Global Climate Agenda: Big Gamble

DOI: 10.20542/0131-2227-2023-67-9-15-30
T. Rovinskaya,
Primakov National Research Institute of World Economy and International Relations, Russian Academy of Sciences (IMEMO), 23, Profsoyuznaya Str., Moscow, 117997, Russian Federation.

Received 15.02.2023. Revised 20.02.2023. Accepted 04.07.2023.

Acknowledgements. The article was prepared within the project “Post-Crisis World Order: Challenges and Technologies, Competition and Cooperation” supported by the grant from Ministry of Science and Higher Education of the Russian Federation program for research projects in priority areas of scientific and technological development (Agreement 075-15-2020-783).

Abstract. The article considers one of the most relevant and, at the same time, the most controversial topics of international politics – tackling climate change (global warming). The author attempts to answer a question: is the global climate agenda a natural priority, or is it being promoted intentionally? On the one hand, global warming is a scientifically acknowledged process, encouraged by industrial emissions of greenhouse gases (carbon dioxide, methane, etc.), which may be harmful and dangerous for the environment and for humanity. On the other hand, climate change is one of many serious environmental problems that require urgent solution (such as water and soil pollutions, deforestation and desertification, loss of species, plastic waste and other). The question is: for what reason has the global warming been gaining increased attention for the last decades, primarily from Western states which not only proclaimed it their chief political goal, but have also been consequently promoting this agenda in the international arena? The Framework Convention on Climate Change (UN FCCC) adopted in 1992 at the UN Earth Summit in Rio de Janeiro, with the additional Kyoto Protocol of 1997 and then the Paris Climate Agreement of 2015, aimed mainly at the reduction of greenhouse gas emissions worldwide, undergo a yearly “stock-taking” and promotion at the UN Climate Conferences. The European Union and its leading states (Germany and France) as well as the United States were the first to declare a “green transition” meaning a full decarbonization of their economies by 2050, expecting the rest of the world to follow this path as well. They have already spent billions of dollars for climate aims, including direct assistance to “fragile states”, and are ready to spend much more in the near future. Regular informal meetings at high level (the World Economic Forum in Davos, the Bled Strategic Forum) have also been mostly devoted to the climate agenda in recent years. Analyzing the results of climate-related events of the last decades and especially the last years, the author comes to a conclusion that the global climate agenda in its current form is being promoted intentionally and is a new form of struggle for world economic and political leadership.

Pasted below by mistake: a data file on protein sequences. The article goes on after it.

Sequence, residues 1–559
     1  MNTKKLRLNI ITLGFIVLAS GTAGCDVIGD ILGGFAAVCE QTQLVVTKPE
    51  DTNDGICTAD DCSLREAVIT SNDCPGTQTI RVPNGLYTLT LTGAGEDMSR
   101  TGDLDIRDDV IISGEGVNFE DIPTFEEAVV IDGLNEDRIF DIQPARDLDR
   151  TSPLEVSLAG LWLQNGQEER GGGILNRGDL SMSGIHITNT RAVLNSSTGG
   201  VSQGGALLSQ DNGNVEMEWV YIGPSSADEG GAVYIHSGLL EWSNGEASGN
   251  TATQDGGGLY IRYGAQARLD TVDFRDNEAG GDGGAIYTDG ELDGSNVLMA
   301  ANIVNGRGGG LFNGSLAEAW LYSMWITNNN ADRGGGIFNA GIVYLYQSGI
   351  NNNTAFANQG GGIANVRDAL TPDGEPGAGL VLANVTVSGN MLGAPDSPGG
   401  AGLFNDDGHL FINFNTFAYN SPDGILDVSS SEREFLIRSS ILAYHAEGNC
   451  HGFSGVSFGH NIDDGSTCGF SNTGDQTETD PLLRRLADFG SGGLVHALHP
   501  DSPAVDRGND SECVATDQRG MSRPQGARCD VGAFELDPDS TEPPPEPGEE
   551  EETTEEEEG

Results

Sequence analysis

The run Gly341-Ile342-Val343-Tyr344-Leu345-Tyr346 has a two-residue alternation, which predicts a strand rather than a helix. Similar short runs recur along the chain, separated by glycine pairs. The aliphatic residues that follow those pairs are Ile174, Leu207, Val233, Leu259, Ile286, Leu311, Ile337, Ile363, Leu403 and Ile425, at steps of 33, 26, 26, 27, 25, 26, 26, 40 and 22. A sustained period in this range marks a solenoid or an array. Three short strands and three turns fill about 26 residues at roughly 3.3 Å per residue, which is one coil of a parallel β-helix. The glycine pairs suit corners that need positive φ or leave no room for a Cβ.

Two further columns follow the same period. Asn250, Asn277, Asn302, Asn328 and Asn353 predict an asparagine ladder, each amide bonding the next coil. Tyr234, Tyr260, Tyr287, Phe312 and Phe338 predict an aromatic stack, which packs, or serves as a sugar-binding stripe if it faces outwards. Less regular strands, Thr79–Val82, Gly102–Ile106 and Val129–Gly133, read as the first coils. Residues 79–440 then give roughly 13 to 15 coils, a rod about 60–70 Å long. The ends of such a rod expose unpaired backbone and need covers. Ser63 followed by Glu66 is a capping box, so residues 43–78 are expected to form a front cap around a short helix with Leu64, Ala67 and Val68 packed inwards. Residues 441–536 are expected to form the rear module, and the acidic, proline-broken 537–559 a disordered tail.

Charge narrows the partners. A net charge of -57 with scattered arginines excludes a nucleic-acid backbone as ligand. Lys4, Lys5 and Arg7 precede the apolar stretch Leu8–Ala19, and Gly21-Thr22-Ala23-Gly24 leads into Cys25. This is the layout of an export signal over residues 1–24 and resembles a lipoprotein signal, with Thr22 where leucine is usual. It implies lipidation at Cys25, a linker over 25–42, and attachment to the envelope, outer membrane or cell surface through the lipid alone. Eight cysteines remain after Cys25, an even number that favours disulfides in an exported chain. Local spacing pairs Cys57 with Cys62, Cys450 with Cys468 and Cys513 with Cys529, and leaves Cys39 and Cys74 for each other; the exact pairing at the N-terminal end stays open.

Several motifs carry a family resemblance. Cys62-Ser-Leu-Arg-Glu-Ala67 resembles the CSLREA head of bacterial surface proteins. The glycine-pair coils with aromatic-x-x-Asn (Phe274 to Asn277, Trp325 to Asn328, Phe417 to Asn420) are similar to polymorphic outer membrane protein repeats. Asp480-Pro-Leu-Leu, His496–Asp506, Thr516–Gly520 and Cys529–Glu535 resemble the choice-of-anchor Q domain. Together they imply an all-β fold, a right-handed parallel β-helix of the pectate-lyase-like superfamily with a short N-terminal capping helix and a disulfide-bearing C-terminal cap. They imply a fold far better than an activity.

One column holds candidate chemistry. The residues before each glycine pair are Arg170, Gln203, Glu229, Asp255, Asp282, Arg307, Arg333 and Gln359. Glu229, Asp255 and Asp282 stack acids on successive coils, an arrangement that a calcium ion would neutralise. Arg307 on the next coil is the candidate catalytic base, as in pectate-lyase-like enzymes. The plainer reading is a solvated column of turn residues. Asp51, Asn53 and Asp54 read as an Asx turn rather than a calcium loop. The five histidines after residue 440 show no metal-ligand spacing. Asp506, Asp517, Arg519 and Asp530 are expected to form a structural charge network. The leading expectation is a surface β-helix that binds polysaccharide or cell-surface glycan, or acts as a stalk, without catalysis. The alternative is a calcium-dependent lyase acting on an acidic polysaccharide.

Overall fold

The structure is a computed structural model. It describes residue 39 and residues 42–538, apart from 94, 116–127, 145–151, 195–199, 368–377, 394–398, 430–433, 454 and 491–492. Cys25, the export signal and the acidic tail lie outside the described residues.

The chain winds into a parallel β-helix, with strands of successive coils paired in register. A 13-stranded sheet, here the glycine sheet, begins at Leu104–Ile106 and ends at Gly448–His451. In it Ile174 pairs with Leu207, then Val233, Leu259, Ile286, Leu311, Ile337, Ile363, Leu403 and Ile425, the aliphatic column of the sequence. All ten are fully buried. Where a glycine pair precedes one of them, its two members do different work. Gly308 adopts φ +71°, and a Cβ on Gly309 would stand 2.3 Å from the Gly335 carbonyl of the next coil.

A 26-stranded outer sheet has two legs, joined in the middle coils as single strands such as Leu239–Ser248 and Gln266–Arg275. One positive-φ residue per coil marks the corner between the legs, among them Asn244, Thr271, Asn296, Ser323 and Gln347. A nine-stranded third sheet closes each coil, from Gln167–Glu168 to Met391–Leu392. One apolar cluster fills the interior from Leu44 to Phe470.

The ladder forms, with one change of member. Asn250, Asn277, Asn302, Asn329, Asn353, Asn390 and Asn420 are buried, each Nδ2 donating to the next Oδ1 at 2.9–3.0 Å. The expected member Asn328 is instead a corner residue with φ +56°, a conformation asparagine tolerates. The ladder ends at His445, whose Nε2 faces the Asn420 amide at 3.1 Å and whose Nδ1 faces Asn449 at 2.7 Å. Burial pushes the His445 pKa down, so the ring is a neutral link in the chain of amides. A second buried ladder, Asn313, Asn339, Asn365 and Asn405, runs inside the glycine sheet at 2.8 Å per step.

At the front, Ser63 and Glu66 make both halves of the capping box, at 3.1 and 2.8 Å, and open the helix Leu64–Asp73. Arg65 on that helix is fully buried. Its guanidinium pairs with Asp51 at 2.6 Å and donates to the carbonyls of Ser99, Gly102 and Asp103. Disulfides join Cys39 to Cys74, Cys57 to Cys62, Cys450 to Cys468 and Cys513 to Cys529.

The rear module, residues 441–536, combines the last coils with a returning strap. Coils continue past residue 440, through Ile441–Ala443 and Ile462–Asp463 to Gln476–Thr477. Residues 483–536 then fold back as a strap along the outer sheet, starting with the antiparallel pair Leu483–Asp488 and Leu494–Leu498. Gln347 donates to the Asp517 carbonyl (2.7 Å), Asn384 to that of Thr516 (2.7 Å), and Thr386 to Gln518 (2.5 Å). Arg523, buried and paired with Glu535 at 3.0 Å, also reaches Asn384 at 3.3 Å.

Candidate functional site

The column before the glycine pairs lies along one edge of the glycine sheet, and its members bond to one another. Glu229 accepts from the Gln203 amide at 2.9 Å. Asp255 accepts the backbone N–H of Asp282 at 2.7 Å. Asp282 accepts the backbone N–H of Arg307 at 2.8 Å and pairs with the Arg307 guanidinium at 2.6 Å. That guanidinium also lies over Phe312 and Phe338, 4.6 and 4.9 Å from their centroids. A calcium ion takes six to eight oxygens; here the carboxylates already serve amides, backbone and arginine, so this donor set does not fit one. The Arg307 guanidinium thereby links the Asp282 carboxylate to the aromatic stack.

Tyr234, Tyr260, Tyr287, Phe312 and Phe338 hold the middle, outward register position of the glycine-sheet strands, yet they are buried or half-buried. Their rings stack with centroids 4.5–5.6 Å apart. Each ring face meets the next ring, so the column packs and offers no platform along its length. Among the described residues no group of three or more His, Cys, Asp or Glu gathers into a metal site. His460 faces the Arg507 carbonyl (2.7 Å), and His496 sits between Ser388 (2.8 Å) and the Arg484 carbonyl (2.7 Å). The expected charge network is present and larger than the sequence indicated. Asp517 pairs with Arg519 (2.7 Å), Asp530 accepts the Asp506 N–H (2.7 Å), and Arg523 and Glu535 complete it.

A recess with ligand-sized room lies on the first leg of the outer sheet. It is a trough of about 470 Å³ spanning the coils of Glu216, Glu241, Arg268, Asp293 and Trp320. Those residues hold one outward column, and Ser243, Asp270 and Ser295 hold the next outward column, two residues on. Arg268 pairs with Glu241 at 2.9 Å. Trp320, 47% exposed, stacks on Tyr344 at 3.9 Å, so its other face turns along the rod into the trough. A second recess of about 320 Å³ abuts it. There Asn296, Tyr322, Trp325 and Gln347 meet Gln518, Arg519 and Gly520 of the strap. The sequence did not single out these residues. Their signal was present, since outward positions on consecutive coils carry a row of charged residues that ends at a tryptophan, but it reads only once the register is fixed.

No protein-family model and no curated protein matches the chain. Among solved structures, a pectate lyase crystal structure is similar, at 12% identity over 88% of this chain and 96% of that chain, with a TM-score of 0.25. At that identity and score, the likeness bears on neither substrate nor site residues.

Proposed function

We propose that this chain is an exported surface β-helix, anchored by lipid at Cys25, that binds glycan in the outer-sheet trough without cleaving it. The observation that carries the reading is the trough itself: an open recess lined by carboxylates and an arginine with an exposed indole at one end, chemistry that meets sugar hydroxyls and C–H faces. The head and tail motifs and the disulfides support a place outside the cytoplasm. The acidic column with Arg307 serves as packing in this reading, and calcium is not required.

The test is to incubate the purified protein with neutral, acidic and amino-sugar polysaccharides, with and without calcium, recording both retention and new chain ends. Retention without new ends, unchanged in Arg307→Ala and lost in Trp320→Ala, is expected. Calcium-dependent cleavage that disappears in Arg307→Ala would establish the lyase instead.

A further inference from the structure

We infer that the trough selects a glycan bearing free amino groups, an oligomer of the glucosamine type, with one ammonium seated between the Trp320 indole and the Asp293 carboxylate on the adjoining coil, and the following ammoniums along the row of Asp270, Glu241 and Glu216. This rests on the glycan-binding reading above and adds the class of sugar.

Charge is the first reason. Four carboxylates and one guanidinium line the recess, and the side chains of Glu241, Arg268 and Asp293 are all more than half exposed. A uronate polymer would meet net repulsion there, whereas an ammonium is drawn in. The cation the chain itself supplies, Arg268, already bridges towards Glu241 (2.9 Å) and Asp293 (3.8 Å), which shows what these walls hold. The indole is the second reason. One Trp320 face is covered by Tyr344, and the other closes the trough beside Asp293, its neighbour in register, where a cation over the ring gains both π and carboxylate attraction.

Keywords: climate agenda, environmental policy, green transition, environmental pollution, greenhouse gases, emissions, United Nations, COP26, COP27, World Economic Forum in Davos


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For citation:
Rovinskaya T. Global Climate Agenda: Big Gamble. World Eonomy and International Relations, 2023, vol. 67, no. 9, pp. 15-30. EDN: HGZGTU

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